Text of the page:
Darius Slay’s ‘big-time’ play sparks Eagles with 83-yard fumble return
Slay's fumble return turned what was a tight game against into the Broncos into a huge sigh of relief for the Eagles.
DENVER — With the offense lined up in victory formation, Nick Sirianni navigated the visitors sideline and found Darius Slay near the 50. The first-year coach playfully grabbed the ninth-year cornerback in noogie fashion. Sirianni dapped up Slay as they exchanged a laugh and celebrated a 30-13 victory over the Broncos.
It was Slay who sparked juice and momentum into his team with his 83-yard fumble return for a touchdown.
“I want to score every time I touch the rock,” Slay said.
With the Eagles clinging to a seven-point lead late in the third quarter, emerging linebacker Davion Taylor clogged the rushing lane and met Broncos running back Melvin Gordon with tremendous force. Taylor punched the ball loose, and Slay scooped it up.
The ensuing moments caused the 70,000-plus fans at Empower Field at Mile High to rise to their feet as the 30-year-old cornerback zigged, zagged, and zoomed past everybody en route to the end zone.
“That was fun,” Sirianni said. “We always talk about getting the ball out. Slay did some good things with that ball in his hand. He did a really good job of making a play.”
Sirianni joked further about Slay’s speed: “I’ll have to think about getting Slay on offense.”
Sirianni’s postgame routine — regardless of the outcome — always includes reading over the stat sheet. His eyes veer toward two specific sections in his game book: explosive plays and turnover differential. The Eagles won in the latter category with two forced fumbles by Taylor compared to one interception from Jalen Hurts.
Tally that as another victory in Sirianni’s book.
“He’s always going to make some moves,” Taylor said of Slay. “He’s always going to make sure he gets some yards.”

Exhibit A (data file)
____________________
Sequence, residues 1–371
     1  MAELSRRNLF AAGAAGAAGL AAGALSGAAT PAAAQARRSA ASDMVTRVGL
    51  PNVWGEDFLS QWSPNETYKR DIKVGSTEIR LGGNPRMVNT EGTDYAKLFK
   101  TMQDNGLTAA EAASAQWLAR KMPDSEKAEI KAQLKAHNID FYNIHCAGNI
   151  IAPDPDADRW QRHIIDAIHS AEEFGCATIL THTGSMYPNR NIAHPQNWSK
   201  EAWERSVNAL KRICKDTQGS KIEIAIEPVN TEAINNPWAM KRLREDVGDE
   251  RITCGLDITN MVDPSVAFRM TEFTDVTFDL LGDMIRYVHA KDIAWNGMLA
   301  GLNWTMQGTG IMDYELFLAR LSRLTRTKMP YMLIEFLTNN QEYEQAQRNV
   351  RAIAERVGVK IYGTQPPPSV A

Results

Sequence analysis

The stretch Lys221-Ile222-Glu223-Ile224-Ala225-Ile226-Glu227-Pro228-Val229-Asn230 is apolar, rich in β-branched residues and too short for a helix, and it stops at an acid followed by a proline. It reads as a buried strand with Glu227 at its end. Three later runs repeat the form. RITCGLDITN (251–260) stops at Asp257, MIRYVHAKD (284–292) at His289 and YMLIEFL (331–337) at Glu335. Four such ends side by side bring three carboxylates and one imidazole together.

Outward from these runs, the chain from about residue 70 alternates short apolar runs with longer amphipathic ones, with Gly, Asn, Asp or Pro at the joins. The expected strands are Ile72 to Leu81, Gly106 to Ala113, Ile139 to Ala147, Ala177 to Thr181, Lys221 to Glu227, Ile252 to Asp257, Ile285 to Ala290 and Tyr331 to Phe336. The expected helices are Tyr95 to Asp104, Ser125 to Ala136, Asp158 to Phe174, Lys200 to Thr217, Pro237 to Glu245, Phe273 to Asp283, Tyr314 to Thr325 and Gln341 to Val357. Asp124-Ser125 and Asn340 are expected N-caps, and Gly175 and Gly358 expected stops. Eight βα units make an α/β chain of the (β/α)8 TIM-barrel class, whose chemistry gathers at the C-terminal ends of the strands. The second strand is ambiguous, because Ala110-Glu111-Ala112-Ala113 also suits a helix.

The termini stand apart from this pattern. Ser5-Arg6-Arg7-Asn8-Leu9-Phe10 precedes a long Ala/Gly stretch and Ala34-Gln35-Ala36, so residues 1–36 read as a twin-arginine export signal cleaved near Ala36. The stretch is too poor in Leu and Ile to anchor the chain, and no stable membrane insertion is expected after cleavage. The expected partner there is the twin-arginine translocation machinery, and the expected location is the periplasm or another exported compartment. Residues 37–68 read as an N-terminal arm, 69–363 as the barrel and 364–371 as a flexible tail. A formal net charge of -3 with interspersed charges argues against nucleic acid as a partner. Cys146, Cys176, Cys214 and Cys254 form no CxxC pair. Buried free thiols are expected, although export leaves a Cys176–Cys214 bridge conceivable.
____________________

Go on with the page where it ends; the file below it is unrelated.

Said Slay: “I snatched it. It was a big-time, game-changing play. Davion made a good punch-out. We were just trying to change [the course] of the game. We put the pressure back on their offense.”
Taylor and Slay (combined 12 tackles) were major contributors in a strong performance from the defense. The Eagles put on a clinic in the red zone, where they limited the Broncos to just 1-of-5 in scoring attempts. Quarterback Teddy Bridgewater completed just 61.1% (22-of-36) of his passes with zero touchdowns.
These were encouraging signs for a defensive unit that had allowed five opposing quarterbacks to complete more than 80% of their throws.
“We limited them more than usual in the red zone,” Slay said.
Slay’s heroics are more impressive considering the sequence of events leading up to his touchdown. The veteran defensive back injured his hamstring last Sunday, which resulted in him being limited during practice this week. Slay got hurt again against the Broncos following a big hit he made in the first half. He was replaced by rookie Zech McPhearson and missed just one snap before returning to the game.
Ultimately, those issues weren’t enough to stop Slay from making one of the biggest plays of the game.
“The monkey got on my back, my back got tight — oh my goodness,” Slay said. “But I knew I was gone. I’m going to return it every time.”
Slay sung his own praises postgame, when he used his platform to gleefully diss his opponent. On the scoring play, the Broncos were in 13 personnel, which meant they had three tight ends and only one receiver. Factoring his speed and agility with the opposition on the field, Slay had one goal in mind.
“So when I got the ball, I remembered they were in 13 [personnel], they had nothing but big guys,” Slay said. “They weren’t catching me.”